Central Bankers to Meet in Jackson Hole
Central bankers from various countries are going to meet in Jackson Hole over the weekend, and the world is watching.
Today marks the start of the yearly meeting, with Federal Reserve Chairman Jerome Powell to speak early about the “Challenges of Monetary Policy.”
But economists aren’t expecting much from Powell. According to TD Securities, the Fed will probably not provide any new information. After all, Jackson Hole is an academic conference and “not the appropriate forum” for new policy changes.
Powell’s speech comes after the Federal Open Market Committee (FOMC) released its July meeting minutes last Wednesday. As per the minutes, most Fed officials considered the July rate as a mid-cycle adjustment. This comes in contrast with assumptions that the rate cut was the start of a long-term easing campaign.
Apart from Powell, outgoing Bank of England Governor Mark Carney will also speak in Jackson Hole. His speech comes after Powell’s, while another BoE member will present a paper on commodity price shocks at the event.
Meanwhile, Chris Waller will also attend the event. Waller is one of US President Trump’s picks to be a Fed governor. He currently serves as research director of the St. Louis Fed.
From the European Central Bank, Benoit Coeure, Sabine Lautenschlaeger, and Philip Lane will attend.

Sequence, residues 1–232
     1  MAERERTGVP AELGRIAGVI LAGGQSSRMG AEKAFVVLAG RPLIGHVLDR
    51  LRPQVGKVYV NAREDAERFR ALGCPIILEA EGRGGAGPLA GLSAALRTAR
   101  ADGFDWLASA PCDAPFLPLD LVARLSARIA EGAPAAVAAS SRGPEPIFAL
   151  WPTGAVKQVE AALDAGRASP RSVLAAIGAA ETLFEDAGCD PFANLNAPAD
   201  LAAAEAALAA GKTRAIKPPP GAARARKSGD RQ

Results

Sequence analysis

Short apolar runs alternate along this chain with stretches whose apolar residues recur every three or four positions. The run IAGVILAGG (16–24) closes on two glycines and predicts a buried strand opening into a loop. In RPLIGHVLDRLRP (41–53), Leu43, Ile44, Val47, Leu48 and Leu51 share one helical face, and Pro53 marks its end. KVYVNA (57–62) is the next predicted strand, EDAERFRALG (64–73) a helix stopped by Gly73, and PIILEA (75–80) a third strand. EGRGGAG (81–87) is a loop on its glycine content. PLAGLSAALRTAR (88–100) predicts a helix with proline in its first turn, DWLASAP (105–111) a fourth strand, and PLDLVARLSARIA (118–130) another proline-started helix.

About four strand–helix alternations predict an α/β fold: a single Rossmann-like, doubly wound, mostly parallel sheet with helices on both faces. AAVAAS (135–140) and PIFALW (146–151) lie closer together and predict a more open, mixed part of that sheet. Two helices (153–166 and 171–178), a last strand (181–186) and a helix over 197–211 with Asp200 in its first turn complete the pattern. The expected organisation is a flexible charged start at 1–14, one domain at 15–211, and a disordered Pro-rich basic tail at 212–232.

Among other key figures are Governors Stephen Poloz of the Bank of Canada, Philip Lowe from the Reserve Bank of Australia, and Adrian Orr from the Reserve Bank of New Zealand.
Exploring Jackson Hole’s History
Jackson Hole is a Wyoming resort that lies near the edge of the Teton mountain range. It is where various high stakes central bank meetings took place for the past years.
The meeting this weekend is another one. During the meeting, central bankers will engage in an academic conference and plot out monetary policies.
This year’s gathering is particularly of interest to the world. Fears of global recession loom large over the markets, and the trade war still rages between US and China.
There are, however, other notable dates in years when Jackson Hole served as the venue for these policymakers to hatch plans for the global economy.
In 2012, for example, then-Fed Chairman Ben Bernanke hinted at a third round of quantitative easing. He defended the Fed’s controversial bond purchases during his speech, saying the costs were “manageable.”
The Fed kicked off the third round of easing after just a month from that meeting.
In 2014, European Central Bank Mario Draghi set the groundwork for quantitative easing during his speech. He used the occasion to warn about inflation expectations, which were deteriorating.
The ECB kicked off the quantitative easing the following year. It bought more than 2.6 trillion euros of mostly government bonds.
This year, markets are expecting much from Powell’s speech, for even the lack of new information would still be information.
For many analysts, it’s quite doubtful that the Fed wants to push back on the markets. But another cut of 25 basis points would be a fair bet. That’s because the Fed may not want to disappoint market expectations.
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